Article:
Subjective Ramblings and Peripheral Thoughts from the Edges of a Comics Studies Project
The history of the “Golden Age” of American comics has been told time and time again, so the standard outline of comic book production should be pretty familiar to most readers. (N.b.: That does not mean that it will not be subject of numerous posts to come.) In the wake of Superman’s success in mid-to-late 1938, the number of comic book publishers grew exponentially. The demand for new material, which had been keenly felt even earlier, kept growing, and several people were ready to supply. Shops, or packaging houses, where complete comic books were conceived, created, and put together, began to pop up. The nowadays most well-known of these are Harry “A” Chesler’s (the A stood for “anything”) house and the one founded by Samuel Maxwell “Jerry” Iger and Will Eisner. But these shops were far from the only ones, even though most of the others seem to have wandered deep into the foggy backwoods of history and gotten lost. Thanks to the efforts of Michael Vance in his Forbidden Adventures: The History of the American Comics Group (Westport, CT: Greenwood Press, 1996) however, the 1941-1967 history of the Sangor shop – so named after its founder, B. W. Sangor – and the American Comics Group that grew out of it, has been preserved.
The Sangor shop’s origins is the same as the other well-known houses; Sangor saw a need for material and resolved to fill it and thereby make a buck. What is most noteworthy about this shop, however, is where Sangor chose to do so. In the late thirties, animation was also a booming industry, and artists were flocking to California and Florida. Sangor, who knew people below the Mason-Dixon line, decided to tap those resources, establishing studios where moonlighting animators from Disney, Fleischer, and other animation houses could find work to stretch their own paychecks. Throughout the first half of the 1940s, the Sangor studio provided both New York and California-made material for many now-forgotten comics publishers and at least one of the contemporary industry’s big survivors, DC.
By 1947-1948, the Sangor shop evolved into the American Comics Group (ACG). They initially focused on funny animal and humor comics, but soon started adding titles. In 1948, they added a Western; in 1949, an espionage title; in 1950-51, two adventure titles (one of which would turn into a war comic when EC Comics sparked an industry trend in that direction), and then two more in 1954. But none of these did well. Throughout the 1950s and 1960s, ACG tried jumping on other bandwagons, including 3D comics and superheroes, with little success. ACG’s romance titles, introduced in 1949 to join and cash in on the trend first set in motion by Jack Kirby and Joe Simon in 1947, proved much more succesful.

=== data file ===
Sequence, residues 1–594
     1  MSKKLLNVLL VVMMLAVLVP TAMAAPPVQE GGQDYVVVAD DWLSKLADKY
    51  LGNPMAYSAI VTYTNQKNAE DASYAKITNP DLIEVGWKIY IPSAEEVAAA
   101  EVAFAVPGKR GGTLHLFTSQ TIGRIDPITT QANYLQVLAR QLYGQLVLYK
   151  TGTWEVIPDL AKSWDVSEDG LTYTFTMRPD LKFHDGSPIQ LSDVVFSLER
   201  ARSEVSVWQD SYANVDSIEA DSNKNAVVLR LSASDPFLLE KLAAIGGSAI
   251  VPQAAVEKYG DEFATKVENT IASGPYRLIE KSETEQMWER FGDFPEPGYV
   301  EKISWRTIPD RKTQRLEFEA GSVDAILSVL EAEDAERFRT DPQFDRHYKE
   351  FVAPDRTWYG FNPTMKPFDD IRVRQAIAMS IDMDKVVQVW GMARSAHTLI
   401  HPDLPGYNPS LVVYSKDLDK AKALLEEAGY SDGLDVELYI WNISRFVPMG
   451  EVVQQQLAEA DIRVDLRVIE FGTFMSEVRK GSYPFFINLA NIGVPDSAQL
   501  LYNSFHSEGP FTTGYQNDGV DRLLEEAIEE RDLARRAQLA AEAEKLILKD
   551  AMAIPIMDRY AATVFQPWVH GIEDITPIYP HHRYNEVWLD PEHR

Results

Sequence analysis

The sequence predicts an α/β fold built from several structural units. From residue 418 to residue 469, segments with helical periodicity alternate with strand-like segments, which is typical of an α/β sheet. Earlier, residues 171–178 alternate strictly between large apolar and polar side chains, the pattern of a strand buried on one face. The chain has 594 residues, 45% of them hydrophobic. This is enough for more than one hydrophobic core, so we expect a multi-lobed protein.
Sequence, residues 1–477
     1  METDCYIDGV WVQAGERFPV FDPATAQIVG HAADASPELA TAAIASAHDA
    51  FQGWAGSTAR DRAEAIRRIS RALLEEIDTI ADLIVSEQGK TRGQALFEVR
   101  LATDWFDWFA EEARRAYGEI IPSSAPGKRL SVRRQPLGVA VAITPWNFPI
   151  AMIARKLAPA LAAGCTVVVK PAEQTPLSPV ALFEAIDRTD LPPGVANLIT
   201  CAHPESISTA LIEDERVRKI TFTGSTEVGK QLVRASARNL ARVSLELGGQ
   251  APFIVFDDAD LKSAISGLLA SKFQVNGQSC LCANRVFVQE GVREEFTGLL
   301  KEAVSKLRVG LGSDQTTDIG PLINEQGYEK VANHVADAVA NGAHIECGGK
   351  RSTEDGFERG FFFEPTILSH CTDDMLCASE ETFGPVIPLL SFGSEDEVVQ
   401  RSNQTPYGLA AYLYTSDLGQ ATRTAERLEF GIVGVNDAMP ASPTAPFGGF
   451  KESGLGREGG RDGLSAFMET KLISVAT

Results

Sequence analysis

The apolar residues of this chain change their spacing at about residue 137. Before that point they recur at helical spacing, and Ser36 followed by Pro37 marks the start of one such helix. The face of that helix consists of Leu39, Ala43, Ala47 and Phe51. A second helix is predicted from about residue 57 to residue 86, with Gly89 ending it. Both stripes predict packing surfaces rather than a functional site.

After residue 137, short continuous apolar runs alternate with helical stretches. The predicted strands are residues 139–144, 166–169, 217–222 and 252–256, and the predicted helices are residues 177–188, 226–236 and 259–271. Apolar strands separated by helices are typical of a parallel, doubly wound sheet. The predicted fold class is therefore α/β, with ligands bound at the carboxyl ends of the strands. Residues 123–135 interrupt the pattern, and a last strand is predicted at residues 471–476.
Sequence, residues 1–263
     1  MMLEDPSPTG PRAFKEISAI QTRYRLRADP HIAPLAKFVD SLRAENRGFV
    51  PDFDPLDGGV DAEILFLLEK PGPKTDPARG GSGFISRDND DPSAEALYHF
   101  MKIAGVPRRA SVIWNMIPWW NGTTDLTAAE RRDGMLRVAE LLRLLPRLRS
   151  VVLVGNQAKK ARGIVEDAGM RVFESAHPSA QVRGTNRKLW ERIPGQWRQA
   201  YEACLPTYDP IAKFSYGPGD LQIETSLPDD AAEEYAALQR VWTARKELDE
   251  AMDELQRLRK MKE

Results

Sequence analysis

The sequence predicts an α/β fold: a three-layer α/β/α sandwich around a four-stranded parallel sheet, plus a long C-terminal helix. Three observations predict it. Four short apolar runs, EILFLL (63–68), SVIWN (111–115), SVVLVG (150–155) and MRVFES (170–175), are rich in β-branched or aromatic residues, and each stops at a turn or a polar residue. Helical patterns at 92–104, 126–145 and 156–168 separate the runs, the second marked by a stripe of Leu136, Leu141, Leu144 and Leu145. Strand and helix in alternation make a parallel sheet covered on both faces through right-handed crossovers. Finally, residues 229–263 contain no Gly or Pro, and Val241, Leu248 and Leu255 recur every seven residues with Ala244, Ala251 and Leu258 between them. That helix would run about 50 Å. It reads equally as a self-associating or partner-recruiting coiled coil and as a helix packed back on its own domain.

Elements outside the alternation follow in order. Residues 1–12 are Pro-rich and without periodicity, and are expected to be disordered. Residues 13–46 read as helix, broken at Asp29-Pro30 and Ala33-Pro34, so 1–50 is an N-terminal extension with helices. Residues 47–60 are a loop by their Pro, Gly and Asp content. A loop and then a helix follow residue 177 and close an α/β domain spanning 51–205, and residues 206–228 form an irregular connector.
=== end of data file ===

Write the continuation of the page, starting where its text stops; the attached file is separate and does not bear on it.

The only ACG line to beat them were the horror comics, a trend which they themselves initiated with Adventures into the Unknown #1 in fall 1948. When EC launched their own now-legendary and soon more influential horror comics in early 1950, several other publishers had already walked in ACG’s footsteps. The level of gore in horror comics kept increasing, leading to widespread attention and negative feedback. ACG hung in there for quite some time after the Comics Code Authority was established as an industry self-censoring agency after the anti-comics moral panic of the early 1950s. They even had a couple of the rare few titles that thrived while many publishers were forced to close their doors. But by the 1960s, the writing on the wall was becoming legible and in 1967, ACG quit producing comics for sale, retaining only the wing of their operation that was involved in commercial giveaways.
Forbidden Adventures is a good and informative read, although very slim at 128 pages. The chapters are short, and I often find myself wanting more. Even so, it’s packed, brimming with valuable interviews and details on otherwise rarely discussed topics. The book doesn’t only deal with the history of the Sangor shop and the American Comics Group, but also sheds light on the interrelationship between different prominent figures in American comics history and provides an early narrative of how writers and artists were treated by the publishers (now a commonplace in comics histories). It also provides capsule biographies of important and otherwise rarely discussed figures in comics history, like editor Richard Hughes, whose influence in ACG and American comics history was significant; not least because his CV includes the creation of the first horror comic book. And it touches on an often dismissed fact of comics history: the Sangor shop and the ACG were clearly founded on a nationally distributed creative foundation and continued to enlist freelancers from all over the country and even abroad throughout their active years.
I would recommend Forbidden Adventures to anyone who wants to move beyond the standard narrative of comics history and get a slightly more nuanced picture. If you can’t find the book, which is long since out of print, a 2006 issue of Alter Ego reprints most of it.